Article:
In addition, even the most sophisticated artist is limited to drawing outlines when working with a needle and thread. No seamstress, however gifted, can capture the myriad subtle human expressions or gradations of color available to a portraitist working with pencil or paint brush.
As a result, the tapestries appear innocent and almost childlike, regardless of the artist's age and disposition — an impression that hits viewers with an extra wallop. How, we wonder, can someone so vulnerable have survived?
Wellesley University professor Marjorie Agosin has written books about folk art created during wartime.
She said that storytelling tapestries can be found worldwide. They include three-dimensional arpilleras that depict family members who were "disappeared" during Chilean dictator Augusto Pinochet's regime, memorial quilts created by Sarajevo women, and throws stitched during the Vietnam War on which Hmong artisans embroidered scenes of mass executions in rice paddies.
"A lot of women use something familiar and domestic to communicate a narrative of horror," Agosin says.
"Because women's access to artistic expression has historically been limited, they've felt the most comfortable creating with cloth. They use elements and techniques they are familiar with such as embroidery and stitchery to create something subversive and radically new."
But as painful as the tapestries can be, the reaction they set off in viewers is emotionally complex. As Esther and Mania have one narrow escape after another, it's difficult not to marvel at the courage and intelligence of these two young girls outsmarting the Nazis.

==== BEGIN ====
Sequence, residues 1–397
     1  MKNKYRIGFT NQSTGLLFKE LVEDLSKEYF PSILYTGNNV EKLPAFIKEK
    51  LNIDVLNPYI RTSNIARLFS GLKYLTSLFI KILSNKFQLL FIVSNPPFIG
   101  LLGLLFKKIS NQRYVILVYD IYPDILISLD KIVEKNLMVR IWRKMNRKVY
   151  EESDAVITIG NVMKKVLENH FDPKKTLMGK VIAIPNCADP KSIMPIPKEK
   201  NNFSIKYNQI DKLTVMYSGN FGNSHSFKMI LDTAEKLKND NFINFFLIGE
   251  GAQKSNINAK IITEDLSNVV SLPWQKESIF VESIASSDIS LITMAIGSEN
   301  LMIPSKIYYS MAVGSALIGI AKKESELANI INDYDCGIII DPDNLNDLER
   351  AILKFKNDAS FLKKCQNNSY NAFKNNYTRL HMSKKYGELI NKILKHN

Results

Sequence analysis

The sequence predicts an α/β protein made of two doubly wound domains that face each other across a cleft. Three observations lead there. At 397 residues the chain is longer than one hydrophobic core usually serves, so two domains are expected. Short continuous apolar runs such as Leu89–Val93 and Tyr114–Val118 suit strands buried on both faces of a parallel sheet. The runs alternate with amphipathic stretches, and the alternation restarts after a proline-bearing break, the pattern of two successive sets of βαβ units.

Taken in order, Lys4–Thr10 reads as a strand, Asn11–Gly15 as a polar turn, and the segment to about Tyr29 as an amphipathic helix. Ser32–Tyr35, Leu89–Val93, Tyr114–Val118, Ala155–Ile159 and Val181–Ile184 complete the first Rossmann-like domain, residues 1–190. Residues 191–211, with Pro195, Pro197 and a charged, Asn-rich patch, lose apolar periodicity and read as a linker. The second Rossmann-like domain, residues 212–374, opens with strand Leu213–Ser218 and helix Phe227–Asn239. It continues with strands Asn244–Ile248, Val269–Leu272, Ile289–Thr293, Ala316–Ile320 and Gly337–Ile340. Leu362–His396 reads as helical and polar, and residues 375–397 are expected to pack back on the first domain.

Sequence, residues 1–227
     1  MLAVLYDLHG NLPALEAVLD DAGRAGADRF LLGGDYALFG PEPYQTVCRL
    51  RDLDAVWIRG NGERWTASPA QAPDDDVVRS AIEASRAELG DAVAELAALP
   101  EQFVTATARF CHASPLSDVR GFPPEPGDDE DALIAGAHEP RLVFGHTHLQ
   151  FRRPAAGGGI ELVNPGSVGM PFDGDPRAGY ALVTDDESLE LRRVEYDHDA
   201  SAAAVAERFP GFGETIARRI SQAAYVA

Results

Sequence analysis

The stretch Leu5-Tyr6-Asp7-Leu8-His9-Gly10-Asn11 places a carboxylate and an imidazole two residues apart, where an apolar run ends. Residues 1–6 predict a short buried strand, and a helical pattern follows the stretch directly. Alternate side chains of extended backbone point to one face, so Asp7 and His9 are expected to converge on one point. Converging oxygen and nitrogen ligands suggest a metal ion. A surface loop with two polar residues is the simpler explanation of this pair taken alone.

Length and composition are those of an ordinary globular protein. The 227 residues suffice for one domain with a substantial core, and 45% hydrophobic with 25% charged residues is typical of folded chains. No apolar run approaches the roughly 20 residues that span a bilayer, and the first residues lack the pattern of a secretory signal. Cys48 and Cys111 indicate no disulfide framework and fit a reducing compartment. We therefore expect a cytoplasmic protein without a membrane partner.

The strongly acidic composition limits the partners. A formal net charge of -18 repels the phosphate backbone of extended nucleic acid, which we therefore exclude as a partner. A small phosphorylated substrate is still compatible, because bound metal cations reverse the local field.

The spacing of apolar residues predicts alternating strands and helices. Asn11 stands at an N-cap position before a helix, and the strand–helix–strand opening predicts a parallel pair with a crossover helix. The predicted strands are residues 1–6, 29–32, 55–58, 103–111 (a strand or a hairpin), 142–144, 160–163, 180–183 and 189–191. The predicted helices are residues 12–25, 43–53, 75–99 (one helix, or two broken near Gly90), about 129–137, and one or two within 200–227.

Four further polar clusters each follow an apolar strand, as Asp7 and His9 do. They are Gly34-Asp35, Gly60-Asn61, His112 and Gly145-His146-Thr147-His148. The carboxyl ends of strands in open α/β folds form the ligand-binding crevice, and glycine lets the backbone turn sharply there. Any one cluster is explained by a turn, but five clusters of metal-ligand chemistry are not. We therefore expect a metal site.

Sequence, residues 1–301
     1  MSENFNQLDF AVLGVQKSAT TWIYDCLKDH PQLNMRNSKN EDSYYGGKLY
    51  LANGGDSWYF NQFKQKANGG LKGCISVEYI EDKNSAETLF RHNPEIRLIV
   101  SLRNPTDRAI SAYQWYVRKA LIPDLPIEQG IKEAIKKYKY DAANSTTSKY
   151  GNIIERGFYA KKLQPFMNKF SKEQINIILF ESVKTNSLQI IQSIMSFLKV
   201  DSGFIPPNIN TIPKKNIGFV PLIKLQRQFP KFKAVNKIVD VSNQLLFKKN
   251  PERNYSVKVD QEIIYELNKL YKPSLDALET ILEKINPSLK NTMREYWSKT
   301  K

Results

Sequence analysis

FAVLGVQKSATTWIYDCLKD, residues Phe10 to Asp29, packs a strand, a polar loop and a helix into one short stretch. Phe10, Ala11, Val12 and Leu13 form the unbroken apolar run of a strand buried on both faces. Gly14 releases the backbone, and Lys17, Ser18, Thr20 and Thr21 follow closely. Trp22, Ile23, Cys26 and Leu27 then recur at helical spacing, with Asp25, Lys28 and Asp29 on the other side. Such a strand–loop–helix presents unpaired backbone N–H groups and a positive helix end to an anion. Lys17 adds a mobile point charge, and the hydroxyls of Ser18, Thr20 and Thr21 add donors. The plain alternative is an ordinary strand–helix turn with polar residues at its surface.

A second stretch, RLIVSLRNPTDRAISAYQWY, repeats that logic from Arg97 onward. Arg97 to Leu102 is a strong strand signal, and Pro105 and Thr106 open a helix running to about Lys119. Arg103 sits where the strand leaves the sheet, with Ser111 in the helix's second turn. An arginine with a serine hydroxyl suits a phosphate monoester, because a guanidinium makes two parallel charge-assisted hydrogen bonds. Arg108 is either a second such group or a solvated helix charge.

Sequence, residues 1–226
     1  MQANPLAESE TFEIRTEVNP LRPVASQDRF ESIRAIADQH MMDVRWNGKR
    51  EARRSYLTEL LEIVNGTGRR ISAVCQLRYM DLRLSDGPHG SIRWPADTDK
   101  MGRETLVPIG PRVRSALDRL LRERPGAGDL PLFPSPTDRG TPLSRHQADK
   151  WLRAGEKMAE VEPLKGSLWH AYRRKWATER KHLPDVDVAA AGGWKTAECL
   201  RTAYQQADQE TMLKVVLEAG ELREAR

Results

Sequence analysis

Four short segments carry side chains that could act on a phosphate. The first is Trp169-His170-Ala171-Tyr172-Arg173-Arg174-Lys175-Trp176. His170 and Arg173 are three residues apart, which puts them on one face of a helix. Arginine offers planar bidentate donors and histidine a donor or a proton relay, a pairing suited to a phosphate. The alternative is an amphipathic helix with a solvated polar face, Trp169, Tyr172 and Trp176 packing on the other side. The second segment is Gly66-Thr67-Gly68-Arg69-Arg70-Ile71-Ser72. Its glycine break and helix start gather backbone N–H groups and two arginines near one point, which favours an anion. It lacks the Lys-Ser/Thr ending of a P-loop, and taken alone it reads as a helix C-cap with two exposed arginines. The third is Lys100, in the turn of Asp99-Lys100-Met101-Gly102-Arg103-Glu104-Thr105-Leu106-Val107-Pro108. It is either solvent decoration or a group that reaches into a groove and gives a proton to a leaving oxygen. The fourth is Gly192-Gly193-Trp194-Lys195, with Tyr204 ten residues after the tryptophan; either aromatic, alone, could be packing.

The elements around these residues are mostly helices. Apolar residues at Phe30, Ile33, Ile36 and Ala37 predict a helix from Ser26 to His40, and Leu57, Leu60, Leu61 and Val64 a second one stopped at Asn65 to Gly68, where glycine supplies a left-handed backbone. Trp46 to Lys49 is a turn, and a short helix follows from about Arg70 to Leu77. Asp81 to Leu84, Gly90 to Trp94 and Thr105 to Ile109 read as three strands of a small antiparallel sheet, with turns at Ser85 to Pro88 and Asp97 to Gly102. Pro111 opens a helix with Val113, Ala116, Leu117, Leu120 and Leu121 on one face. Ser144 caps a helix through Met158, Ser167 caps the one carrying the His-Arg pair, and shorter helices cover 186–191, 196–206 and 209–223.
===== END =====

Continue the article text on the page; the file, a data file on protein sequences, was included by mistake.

In 1942, for instance, the girls arrived in the village of Grabowka at nightfall. Sleeping in the woods would have made it appear that they were hiding. So Esther persuaded the terrified Mania that they had to ask for help from the sheriff, though the man would have been obligated to report suspected Jews to the Nazis. Instead, he found both girls places to stay.
Another day, two Nazi guards who were attempting to question Esther at the farm where she worked were driven away by a swarm of bees.
After Grabowka was liberated by the Russian infantry in July 1944, the sisters eventually made their way to the U.S and gratefully sank into ordinary life. As the years passed, Krinitz told her daughters stories from her childhood and about family members they would never meet.
But when she turned 50, she began to long for a more concrete expression.
"Once she realized that she could tell her story through sewing, she never stopped," Steinhardt says. "She always had a picture in progress. During the last 10 years of her life, she made 34 pictures. It had become an essential thing for her, to introduce the family that she had come from to the family that she created."
If you go
"The Art of Storytelling: Lies, Enchantment, Humor & Truth" runs through Sept. 1, 2013 at the American Visionary Art Museum, 800 Key Highway. Admission costs $16 for adults; $10 for children 7 and older; $14 for seniors 60 and older. Call 410-244-1900 or go to avam.org.
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